“Sometimes you win, sometimes you lose. You have to accept the fact there is always a team better than yours. But just you wait. Winning isn’t a once-in-a-lifetime thing. Next year is yours!” That was what my Dad said when he found out that Barcelona beat Manchester United 3-1. As far as I’m concerned, moving on is something I’m pretty good at. I have not, however, properly moved on. Maybe I need a day or two to recover. Maybe it is a process. Apparently, this is the real test of sportsmanship.
Well, before I find the grace to accept defeat, let me talk about the decision to exclude Dimitar Berbatov even on bench. This decision has led my friend and some fans to conclude that something is fishy. According to Sir Alex Ferguson, “With Dimitar Berbatov, it was a difficult decision tonight. Picking my team I found easy but picking the subs I found very difficult. I overloaded on the midfield positions because I felt that area was the most important in terms of the way Barcelona play and the work you need in that central area. I gambled and played only one defender on the bench, which allowed me to get those midfield options. It came down to a choice between Michael Owen and Dimitar Berbatov and my view is that if you’re looking for someone to nick a goal in the last few moments of the game then Owen has the experience, which is why I took the decision.” I honestly think it was just a wrong move to leave Berbatov out, but nothing suspicious or devious (I have proof!). Do you really believe that Berbatov is leaving Manchester United just because he failed to make the squad for the Champions League final? Do you also think that Berbatov’s participation would’ve made a big difference?
I’m tempted to discuss the other relevant matters—the absence of an astute tactical switch at half-time, the three preventable goals, the ineffectual midfield (don’t get me started!), the tireless Valencia on a fouling roll, the zealous Chicharito a.k.a. “Mr. Offside,” and so on—but I decide against it (you can check the player ratings here yourself), because at the end of the day, this bitterness stems from the disappointment of losing in the Champions League final. We have to muster up the courage to acknowledge this defeat; otherwise, it would be difficult to move on. I guess it’s harder this time around because Manchester United just won their 19th English title. But if Sir Alex Ferguson can admit that Barcelona had been the better team, and he’s the manager, then so can we. All right, the team could’ve done better, but Barcelona played brilliantly and nobody can deny that.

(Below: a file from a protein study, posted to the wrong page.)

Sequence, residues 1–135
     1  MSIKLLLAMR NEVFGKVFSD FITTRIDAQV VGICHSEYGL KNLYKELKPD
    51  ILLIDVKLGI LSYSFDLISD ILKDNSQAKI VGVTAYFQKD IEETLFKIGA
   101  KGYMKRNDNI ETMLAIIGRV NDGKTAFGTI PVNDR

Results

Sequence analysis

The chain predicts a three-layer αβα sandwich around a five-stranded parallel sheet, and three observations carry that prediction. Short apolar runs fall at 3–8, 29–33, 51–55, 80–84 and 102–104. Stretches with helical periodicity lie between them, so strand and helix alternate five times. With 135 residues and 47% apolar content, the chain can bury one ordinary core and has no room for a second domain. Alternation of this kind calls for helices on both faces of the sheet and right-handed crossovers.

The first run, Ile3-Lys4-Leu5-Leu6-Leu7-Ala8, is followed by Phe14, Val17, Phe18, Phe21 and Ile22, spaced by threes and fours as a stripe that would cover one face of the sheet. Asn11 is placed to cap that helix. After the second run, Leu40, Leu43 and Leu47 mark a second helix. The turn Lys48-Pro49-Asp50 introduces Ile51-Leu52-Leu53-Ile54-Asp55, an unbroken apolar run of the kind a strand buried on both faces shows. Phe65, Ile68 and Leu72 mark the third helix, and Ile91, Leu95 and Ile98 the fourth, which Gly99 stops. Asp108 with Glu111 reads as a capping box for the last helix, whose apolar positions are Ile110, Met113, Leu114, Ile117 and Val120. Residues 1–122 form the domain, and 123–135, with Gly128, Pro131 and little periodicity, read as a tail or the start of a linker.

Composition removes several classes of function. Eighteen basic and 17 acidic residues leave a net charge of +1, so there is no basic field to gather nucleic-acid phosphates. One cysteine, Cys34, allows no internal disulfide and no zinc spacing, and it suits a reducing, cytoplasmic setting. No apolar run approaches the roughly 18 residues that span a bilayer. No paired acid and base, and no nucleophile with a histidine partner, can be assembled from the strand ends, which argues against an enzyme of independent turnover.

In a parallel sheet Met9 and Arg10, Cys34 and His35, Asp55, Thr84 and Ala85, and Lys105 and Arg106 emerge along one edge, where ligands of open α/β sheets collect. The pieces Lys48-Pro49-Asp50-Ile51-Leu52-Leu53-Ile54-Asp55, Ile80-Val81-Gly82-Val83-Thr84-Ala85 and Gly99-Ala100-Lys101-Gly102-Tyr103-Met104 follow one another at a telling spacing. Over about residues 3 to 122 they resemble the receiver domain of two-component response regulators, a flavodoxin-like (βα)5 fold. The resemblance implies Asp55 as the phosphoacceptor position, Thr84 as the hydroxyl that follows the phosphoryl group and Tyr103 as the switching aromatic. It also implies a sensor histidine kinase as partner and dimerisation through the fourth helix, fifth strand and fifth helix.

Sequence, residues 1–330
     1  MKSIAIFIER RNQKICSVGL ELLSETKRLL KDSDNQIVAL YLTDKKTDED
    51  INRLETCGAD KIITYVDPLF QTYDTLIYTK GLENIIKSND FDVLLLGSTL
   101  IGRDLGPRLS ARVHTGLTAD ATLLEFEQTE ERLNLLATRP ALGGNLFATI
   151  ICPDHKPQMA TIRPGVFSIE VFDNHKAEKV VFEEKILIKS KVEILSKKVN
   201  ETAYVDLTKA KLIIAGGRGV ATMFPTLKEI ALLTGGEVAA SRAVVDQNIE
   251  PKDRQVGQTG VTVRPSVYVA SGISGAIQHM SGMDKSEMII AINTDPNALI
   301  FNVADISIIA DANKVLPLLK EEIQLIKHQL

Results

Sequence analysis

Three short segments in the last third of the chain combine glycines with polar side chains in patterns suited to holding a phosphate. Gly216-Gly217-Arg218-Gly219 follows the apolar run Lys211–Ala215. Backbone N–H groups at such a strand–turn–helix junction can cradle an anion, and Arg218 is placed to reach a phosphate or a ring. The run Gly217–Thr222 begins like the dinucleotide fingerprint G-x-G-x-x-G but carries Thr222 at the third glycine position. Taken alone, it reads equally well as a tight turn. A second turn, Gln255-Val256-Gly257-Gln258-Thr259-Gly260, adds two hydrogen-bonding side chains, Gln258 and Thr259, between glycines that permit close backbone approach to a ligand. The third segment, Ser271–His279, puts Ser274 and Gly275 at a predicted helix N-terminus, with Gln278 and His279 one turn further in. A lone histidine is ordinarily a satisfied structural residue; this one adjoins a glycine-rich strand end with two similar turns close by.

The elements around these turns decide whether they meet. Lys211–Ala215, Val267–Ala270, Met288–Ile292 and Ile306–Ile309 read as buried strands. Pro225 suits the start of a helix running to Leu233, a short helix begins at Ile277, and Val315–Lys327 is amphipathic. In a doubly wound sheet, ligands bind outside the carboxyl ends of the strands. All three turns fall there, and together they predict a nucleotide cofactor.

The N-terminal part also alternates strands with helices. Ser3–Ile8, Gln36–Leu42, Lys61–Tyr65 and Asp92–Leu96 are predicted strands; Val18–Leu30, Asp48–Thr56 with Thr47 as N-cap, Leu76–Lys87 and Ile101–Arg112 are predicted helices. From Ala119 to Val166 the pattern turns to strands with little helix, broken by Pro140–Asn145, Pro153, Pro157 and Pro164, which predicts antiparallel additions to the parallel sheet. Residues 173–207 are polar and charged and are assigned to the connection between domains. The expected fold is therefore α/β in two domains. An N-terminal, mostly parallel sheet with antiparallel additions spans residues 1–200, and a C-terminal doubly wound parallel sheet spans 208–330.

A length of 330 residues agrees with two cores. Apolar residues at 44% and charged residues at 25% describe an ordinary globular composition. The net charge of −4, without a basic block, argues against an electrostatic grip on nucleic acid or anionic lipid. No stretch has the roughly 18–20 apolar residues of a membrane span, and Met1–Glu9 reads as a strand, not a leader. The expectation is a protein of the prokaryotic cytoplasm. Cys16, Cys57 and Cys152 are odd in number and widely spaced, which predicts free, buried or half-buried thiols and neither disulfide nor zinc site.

Barcelona’s performance was just exceptional (again!) so we did not disgrace ourselves. In the words of Sir Alex Ferguson, “We were well beaten. There is no other way to address the situation. We were beaten by the better team, a fantastic team of course, but I expected to do better. We expected to do better, it’s as simple as that.” Likewise, United legend Gary Neville felt the same way. He said, “Barcelona were brilliant. Their second goal was a knockout blow and flattened us, but they were simply the better team. With a group of players as good as Barcelona have, it’s just fantastic to watch at times.” Of course, our very upset Chicharito also expressed his frustration. Chicharito said, “The defeat obviously hurts. There are lessons to be learned, and we have to learn them. Now I have nothing to celebrate, nothing to shout about. I’m hurt: these losses always hurt, even moreso in a final. You can call this a failure or a disappointment. We would have liked to have lifted the cup, but instead we have to applaud.”
As we all know, Manchester United got thumped 3-1 by Barcelona. Yes, the truth hurts, but the right thing to do is to accept it. Losing is part of the game. It doesn’t mean that we’re no longer the CHAMP19NS. In fact, we are, so technically, this season shouldn’t disappoint us at all. We may not the best club in Europe, for now, but definitely the best in England. We could always tear them apart next time. I suggest that we all move on together and focus on the transfer market.
“There is sourness that is central to the experience of supporting a big team, and you can’t do anything about it apart from live with it and accept that professional sport has to be sour if it is to mean anything at all.”
—Nick Hornby, Fever Pitch